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From Microsoft to Amazon, hi-tech and social networks giants find a home in Milan

by Giovanna Mancini

If the Porta Nuova-Garibaldi area in Milan, with its skyscrapers that have come to symbolize the city’s recent changes, is progressively growing into the financial and hi-tech district of the metropolis, the futuristic architecture designs of CityLife have attracted investments from the major insurance groups, with Allianz preparing to move 3,000 employees into the Isozaki Tower by year’s end, and Generali waiting for the completion of the Tower designed by Zaha Hadid to relocate another 3,000 employees, probably in 2018.

As yet unknown, on the other hand, is the identity of future occupants of the third tower, the one designed by Daniel Libeskind, whose construction work began at the end of 2016.

Vice versa, the Porta Nuova district has seen its ‘population’ settled for several years and the redevelopment project, launched over ten years ago with the new headquarters of Regione Lombardia, the Lombard regional administration, continues to expand towards the neighboring districts.

One of the first to relocate to the area, moving its offices into the eponymous Tower designed by César Pelli, was UniCredit, in 2012, followed by BNP Paribas which, that same year, relocated to Kohn Pedersen Fox’s Torre Diamante. In a few years, a third credit institution, UnipolSai, will relocate to the c. 100 meter tall “Vertical Nest” tower designed by Mario Cucinella, currently under construction.

The Hi-Tech Giants

The area’s redevelopment has attracted several big names in the IT sector, starting with Google Italy, which in 2014, set up its headquarters in the 5,000-square meter building (11 floors designed by William McDonough + Partners) rented out by Manfredi Catella’s Company in Via Confalonieri (close to the famous Vertical Forest). An even more impressive investment was made by Samsung: the Koreans bought an entire building (the “Diamantino”) to realize their “Samsung District”: the complex not only houses offices but a technological hub with an auditorium and showroom.

Microsoft Italy has proceeded along similar lines, with its recently inaugurated “Microsoft House” in Via Pasubio, within the impressive building designed by Swiss studio Herzog & De Meuron that – since December 2016 – also houses the headquarters of the Feltrinelli Foundation and its immense archives.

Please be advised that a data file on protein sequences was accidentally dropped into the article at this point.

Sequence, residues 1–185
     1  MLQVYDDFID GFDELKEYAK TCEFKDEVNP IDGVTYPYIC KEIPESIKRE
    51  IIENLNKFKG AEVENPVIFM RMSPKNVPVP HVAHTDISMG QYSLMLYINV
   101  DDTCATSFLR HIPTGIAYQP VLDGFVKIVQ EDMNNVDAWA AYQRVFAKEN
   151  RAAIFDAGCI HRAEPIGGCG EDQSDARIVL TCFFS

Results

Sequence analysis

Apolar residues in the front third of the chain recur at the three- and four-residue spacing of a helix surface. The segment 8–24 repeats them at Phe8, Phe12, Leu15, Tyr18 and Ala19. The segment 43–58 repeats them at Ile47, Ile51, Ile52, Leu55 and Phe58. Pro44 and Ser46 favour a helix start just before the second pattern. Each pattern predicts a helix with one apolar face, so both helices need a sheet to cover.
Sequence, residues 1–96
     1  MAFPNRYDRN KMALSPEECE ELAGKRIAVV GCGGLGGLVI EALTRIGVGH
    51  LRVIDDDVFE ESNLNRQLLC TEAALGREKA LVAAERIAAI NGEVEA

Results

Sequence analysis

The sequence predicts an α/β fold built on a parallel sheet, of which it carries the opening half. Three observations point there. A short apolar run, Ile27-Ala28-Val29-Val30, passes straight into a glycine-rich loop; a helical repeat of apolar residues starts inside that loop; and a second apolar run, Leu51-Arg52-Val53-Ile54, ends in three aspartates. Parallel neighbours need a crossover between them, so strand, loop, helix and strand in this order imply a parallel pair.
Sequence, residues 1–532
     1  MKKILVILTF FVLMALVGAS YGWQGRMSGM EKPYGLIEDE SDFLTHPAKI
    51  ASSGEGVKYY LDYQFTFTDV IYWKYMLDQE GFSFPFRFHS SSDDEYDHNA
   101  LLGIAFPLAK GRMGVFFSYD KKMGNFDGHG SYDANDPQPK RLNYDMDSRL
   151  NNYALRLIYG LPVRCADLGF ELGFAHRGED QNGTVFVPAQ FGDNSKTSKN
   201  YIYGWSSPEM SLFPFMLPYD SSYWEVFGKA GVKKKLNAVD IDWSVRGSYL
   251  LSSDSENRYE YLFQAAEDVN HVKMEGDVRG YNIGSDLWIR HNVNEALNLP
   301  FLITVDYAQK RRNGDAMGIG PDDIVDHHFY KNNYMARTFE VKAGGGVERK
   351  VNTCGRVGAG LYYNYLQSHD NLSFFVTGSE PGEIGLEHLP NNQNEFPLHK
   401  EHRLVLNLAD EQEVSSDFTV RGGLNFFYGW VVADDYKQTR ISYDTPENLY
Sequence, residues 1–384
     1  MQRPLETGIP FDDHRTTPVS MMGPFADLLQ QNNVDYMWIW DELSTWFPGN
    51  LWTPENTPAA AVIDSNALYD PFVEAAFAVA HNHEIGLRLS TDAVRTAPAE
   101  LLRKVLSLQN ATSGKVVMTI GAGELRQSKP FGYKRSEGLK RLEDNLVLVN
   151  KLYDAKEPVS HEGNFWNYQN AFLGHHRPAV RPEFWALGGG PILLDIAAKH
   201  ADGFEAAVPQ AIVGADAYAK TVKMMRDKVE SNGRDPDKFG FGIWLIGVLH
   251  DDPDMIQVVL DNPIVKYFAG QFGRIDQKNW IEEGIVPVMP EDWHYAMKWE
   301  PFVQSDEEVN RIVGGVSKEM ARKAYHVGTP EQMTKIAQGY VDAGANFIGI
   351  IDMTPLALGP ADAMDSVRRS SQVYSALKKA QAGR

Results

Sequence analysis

Microsoft has invested €10 million (and will invest as many per annum for the next three years) into the location, which is meant to be open to the city community and will be housing not only the Italian HQ but workshops, startups and spaces for conferences and events, thus completing the blueprint of a “hub of knowledge” that has been the entire project’s objective for the Feltrinelli Foundation.

Amazon Italy will be relocating its business offices in via Monte Grappa, in the former headquarters of Maire Tecnimont, which in turn moved to the Garibaldi Towers three years ago. The building – property of Antirion Sgr and originally designed by architects Claudio Longo and Giulio Ricci – is in the final stages of renovation by Gbpa Architects: ten floors above ground and five underground, for a total surface of 17,500 square meters that will initially house the current 400 corporate employees of Amazon Italy (now working out of the former Post Office building next to the Milano Centrale railroad station) but when fully operational, will be able to accommodate up to 1,100 workers.

Renovation in the historic city center

Two other e-commerce giants, Banzai and Alibaba, on the other hand, have recently opened their offices in the city center (respectively in Via San Marco and Corso Europa). The numero uno in social networks, Facebook, also picked the city center, inaugurating its Italian HQ in Piazza Missori, a short walk from Duomo, three years ago. Conversely, another social network corporation, LinkedIn Italy, set up offices in the Porta Nuova area two years ago, occupying all of the nineteenth floor of Tower B in the Garibaldi Complex, just above the Garibaldi train station.

Apple is also set to open soon in the city center, perhaps as early as the beginning of next year (negotiations are under way, though some disagreements with local retailers need to be resolved): the location is Piazzetta Liberty, overlooked by the cathedral’s iconic Madonnina, and it’s “only” a store, but a particularly significant one since it will be the first Apple Store in the Lombard capital and considering that the Cupertino giant has decided to invest time and resources in the project, entrusting its design to the Norman Foster architecture studio.


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